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St. Louis Small Business Owners

Family owned and small business remain the backbone of the American economy. About 85 percent of all businesses in this country are either family-owned or family-controlled. Small business comes in all shapes, sizes and colors, representing all sectors of our economy.  Family businesses generate an estimated one-half of the U.S. Gross National Product and pay half of all wages earned in this country. Unfortunately, Family businesses tend not to outlive their founders. It is rare that family owned businesses survive to the third generation. Unfortunately, two-thirds of all initial transfers fail when there is a lack of business succession planning. Of the one-third that survives an initial transfer, only one-half will survive a second transfer. It is estimated that by 2040 about $10.4 trillion in family business owner net worth will be transferred. Creating a strong business succession plan is crucial for small business owners. 

Why family businesses do not survive

Why such a dismal success rate? The reasons are as varied and unique as the businesses and business owners themselves. Nevertheless, many of the failed transfers can be traced to three causes: people, taxes and cash.

Family business owners and estate planning for the family

The family element in every family business can mean the difference between its success or failure during the transfer process. The retirement, disability or death of the business owner are all common events that can trigger a business transfer.

Tough questions must be asked and answered. Otherwise, a business that took decades to build can be destroyed overnight.

For example, who will run the business after you? Will it be your spouse, one of your children or a non-family member key employee? If your spouse will not run the business, will he or she still be financially dependent on it… or can you make arrangements to ensure they are financially independent of it?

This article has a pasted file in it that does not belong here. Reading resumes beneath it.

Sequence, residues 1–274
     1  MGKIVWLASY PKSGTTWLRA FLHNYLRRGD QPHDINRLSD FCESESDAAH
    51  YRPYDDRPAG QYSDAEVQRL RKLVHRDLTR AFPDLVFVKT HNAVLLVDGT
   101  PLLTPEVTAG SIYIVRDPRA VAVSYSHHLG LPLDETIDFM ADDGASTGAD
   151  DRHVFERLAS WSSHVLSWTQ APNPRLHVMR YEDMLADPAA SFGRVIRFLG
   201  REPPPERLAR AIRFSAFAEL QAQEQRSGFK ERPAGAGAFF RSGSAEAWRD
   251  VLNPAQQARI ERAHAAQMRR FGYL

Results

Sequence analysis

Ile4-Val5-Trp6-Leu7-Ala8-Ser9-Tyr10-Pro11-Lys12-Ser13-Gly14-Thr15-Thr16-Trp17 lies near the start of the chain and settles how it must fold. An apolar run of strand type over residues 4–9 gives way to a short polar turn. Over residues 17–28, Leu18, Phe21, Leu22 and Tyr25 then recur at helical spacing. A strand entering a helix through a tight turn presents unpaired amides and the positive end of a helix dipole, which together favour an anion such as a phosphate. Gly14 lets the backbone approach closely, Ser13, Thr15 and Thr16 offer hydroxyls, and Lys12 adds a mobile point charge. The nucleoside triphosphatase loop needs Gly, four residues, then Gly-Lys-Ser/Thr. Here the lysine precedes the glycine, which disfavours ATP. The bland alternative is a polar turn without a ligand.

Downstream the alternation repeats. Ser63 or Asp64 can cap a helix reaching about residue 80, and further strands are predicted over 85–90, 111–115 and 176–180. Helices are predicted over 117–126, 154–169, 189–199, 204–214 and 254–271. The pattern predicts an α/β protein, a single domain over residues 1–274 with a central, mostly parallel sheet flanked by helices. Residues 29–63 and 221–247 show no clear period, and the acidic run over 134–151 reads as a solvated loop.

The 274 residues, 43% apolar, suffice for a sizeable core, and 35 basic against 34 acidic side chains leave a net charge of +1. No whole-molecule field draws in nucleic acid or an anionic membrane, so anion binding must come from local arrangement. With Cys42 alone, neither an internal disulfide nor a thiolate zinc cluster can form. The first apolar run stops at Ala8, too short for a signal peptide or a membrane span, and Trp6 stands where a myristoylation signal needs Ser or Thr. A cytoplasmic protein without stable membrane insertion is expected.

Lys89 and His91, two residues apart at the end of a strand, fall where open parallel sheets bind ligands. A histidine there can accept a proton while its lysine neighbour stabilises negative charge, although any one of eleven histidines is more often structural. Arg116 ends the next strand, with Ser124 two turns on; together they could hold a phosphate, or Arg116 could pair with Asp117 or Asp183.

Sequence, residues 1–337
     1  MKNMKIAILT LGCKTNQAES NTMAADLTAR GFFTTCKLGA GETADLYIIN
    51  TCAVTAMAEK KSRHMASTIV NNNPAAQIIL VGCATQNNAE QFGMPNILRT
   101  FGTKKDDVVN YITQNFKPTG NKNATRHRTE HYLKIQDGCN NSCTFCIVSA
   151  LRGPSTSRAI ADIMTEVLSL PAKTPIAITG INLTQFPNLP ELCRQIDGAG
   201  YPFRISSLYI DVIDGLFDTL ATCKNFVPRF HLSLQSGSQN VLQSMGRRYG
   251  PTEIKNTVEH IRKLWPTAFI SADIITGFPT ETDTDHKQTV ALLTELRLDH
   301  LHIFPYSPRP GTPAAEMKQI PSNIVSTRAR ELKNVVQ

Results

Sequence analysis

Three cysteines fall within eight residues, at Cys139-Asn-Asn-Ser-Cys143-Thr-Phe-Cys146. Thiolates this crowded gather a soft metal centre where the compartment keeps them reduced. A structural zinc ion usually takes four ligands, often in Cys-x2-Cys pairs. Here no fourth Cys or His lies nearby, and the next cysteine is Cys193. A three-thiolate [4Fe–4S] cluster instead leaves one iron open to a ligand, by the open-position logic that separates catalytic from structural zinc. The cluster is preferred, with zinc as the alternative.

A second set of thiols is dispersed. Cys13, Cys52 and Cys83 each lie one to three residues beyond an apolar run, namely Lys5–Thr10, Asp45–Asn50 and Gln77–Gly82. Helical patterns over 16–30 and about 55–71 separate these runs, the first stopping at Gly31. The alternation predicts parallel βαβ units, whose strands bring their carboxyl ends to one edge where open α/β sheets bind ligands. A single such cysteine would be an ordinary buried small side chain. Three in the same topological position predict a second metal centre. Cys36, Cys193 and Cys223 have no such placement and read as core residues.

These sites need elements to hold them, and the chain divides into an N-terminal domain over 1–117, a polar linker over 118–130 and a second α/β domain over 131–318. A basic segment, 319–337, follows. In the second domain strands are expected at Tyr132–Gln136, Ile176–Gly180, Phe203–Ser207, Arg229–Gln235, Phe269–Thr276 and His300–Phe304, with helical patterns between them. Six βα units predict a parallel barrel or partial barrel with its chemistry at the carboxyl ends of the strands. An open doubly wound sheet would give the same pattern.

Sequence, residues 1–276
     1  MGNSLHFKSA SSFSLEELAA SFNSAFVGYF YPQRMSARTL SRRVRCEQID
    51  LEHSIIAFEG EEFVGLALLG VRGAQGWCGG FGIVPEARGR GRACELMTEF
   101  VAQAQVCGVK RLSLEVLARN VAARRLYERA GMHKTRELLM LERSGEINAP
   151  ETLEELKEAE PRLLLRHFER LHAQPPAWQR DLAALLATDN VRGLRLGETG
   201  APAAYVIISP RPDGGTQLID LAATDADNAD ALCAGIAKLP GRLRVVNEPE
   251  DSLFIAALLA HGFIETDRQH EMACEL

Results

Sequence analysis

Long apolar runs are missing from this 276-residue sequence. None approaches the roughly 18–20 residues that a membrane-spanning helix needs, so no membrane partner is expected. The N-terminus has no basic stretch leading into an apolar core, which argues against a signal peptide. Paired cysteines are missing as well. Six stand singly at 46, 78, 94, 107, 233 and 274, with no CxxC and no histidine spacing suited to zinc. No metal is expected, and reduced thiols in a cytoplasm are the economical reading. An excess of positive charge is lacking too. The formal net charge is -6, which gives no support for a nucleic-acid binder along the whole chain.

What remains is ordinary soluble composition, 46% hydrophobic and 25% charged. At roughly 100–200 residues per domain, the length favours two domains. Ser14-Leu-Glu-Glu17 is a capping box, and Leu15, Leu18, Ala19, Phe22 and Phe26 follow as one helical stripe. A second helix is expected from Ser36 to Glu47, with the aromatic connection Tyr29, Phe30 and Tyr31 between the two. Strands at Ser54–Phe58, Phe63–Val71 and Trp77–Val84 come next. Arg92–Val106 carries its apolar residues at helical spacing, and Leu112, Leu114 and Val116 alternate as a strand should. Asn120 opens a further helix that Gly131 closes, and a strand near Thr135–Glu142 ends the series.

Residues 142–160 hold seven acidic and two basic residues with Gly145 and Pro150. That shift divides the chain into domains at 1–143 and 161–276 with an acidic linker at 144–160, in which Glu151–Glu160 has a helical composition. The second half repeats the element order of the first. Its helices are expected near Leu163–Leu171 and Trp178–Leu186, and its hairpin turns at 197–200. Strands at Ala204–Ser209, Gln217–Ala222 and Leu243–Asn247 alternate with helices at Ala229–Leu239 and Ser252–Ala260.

What arrangements have you made for the inheritance of your children who are not active in the business? Have you in-law proofed your estate?

Thinking ahead to the second-generation transfer of your business, what provisions have you made to encourage thrift and industry among your grandchildren?

Business Succession plan is a major piece in your estate plan.

Estate Tax Uncertainity

The only certainty about the federal estate tax is its uncertainty with each change in Congress and the White House. Additionally, some states now impose their own estate taxes, independent of any federal estate taxes.

Accordingly, careful monitoring of the economic, political and legal climate is required. Why? Without proper estate-liquidity planning, your family may have to sell the business just to meet an estate tax cash call.

Sheri is a team player with your CPA and financial advisor.  Keeping your Operating Agreement is extremely important and plays a major role in your estate planning.

Coordinating Financial and Estate Plans

If your financial and estate plans are not carefully coordinated, there may not be enough cash to fund your objectives. An appropriately-funded estate plan can meet all of your people-planning objectives and provide liquidity for estate taxes (and business debts). Life insurance, owned in the proper amount, type and manner, may be effectively used to fund such money matters.

Small business food vendor making food


Have questions?  Reach out to Sheri Tucker today and she will get back to you as soon as possible. Call .

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